From a quick search this German aphorism appears to be from (at least in) Goethe's Faust.
The Latin parallel that comes to mind is Nomen est Omen. With that in mind, I often find myself reaching for a Latin rendition of the former, as well. Is there an unambiguous or at least sufficiently common translation?
Rational: It's not easy to translate the phrase in both dimensions of felicity and fidelity--more so if going through English, which I am trying to avoid here. The best hope would be that Goethe hadn't made it up completely, so that a reasonable reconstruction could be attempted, if the etymological falacy would not be too painful.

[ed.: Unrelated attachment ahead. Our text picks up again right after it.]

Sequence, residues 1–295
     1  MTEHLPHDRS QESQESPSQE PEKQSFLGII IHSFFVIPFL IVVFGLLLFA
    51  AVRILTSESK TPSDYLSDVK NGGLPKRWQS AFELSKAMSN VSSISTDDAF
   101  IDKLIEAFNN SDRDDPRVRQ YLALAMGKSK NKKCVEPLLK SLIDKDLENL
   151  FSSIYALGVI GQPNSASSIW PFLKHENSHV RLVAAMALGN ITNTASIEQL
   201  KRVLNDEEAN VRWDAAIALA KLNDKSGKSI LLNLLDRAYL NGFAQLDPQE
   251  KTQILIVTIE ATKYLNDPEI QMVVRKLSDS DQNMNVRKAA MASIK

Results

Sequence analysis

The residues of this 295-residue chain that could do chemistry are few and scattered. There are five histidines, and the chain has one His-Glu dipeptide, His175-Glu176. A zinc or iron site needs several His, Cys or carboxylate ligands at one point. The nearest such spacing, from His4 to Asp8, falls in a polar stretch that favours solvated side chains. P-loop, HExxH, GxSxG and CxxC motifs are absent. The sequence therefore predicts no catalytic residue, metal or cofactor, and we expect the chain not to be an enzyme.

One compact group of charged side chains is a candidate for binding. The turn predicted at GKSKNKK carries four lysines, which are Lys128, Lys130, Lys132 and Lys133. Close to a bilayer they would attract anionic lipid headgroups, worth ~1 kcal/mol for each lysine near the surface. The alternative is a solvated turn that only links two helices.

It's difficult to sum up the significance of Schall here. That would better be left for German.SE. The meaning of the phrase in whole in current speech might be a matter of debate, and literature criticism, too, that's out of the question. FWIW I'd say both Rauch and Schall imply a sense of the temporary, but painting with a however broad stroke I'm inclined to remind you that almost anything is temporary. Consequently, many different connotations can be found.
Feel free to use your own brush and be as colorful as you like. Don't loose time; first to answer receives the award.